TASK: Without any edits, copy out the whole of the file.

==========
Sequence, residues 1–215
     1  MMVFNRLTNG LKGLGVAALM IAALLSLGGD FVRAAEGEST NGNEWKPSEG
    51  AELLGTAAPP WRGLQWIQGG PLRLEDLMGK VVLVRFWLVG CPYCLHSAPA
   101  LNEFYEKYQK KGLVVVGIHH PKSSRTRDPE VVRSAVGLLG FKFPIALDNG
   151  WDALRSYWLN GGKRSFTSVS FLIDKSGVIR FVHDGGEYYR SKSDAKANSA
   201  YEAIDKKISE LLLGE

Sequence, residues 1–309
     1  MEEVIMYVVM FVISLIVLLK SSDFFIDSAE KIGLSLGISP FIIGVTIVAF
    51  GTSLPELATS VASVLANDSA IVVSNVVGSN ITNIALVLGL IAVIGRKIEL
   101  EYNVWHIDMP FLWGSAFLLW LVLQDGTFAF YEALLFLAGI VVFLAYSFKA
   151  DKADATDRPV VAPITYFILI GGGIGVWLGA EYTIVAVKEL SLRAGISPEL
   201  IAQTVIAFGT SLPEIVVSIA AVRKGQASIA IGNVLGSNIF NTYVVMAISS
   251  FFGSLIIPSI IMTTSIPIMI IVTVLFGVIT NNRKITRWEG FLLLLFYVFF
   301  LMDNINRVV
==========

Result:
Sequence, residues 1–215
     1  MMVFNRLTNG LKGLGVAALM IAALLSLGGD FVRAAEGEST NGNEWKPSEG
    51  AELLGTAAPP WRGLQWIQGG PLRLEDLMGK VVLVRFWLVG CPYCLHSAPA
   101  LNEFYEKYQK KGLVVVGIHH PKSSRTRDPE VVRSAVGLLG FKFPIALDNG
   151  WDALRSYWLN GGKRSFTSVS FLIDKSGVIR FVHDGGEYYR SKSDAKANSA
   201  YEAIDKKISE LLLGE

Sequence, residues 1–309
     1  MEEVIMYVVM FVISLIVLLK SSDFFIDSAE KIGLSLGISP FIIGVTIVAF
    51  GTSLPELATS VASVLANDSA IVVSNVVGSN ITNIALVLGL IAVIGRKIEL
   101  EYNVWHIDMP FLWGSAFLLW LVLQDGTFAF YEALLFLAGI VVFLAYSFKA
   151  DKADATDRPV VAPITYFILI GGGIGVWLGA EYTIVAVKEL SLRAGISPEL
   201  IAQTVIAFGT SLPEIVVSIA AVRKGQASIA IGNVLGSNIF NTYVVMAISS
   251  FFGSLIIPSI IMTTSIPIMI IVTVLFGVIT NNRKITRWEG FLLLLFYVFF
   301  LMDNINRVV